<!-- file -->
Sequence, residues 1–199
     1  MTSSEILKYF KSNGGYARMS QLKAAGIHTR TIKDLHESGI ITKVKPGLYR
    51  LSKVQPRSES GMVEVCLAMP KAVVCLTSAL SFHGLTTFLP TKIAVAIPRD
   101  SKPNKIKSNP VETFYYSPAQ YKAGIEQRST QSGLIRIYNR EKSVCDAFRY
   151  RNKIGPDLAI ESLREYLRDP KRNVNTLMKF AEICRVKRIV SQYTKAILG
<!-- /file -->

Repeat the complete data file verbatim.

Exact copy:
Sequence, residues 1–199
     1  MTSSEILKYF KSNGGYARMS QLKAAGIHTR TIKDLHESGI ITKVKPGLYR
    51  LSKVQPRSES GMVEVCLAMP KAVVCLTSAL SFHGLTTFLP TKIAVAIPRD
   101  SKPNKIKSNP VETFYYSPAQ YKAGIEQRST QSGLIRIYNR EKSVCDAFRY
   151  RNKIGPDLAI ESLREYLRDP KRNVNTLMKF AEICRVKRIV SQYTKAILG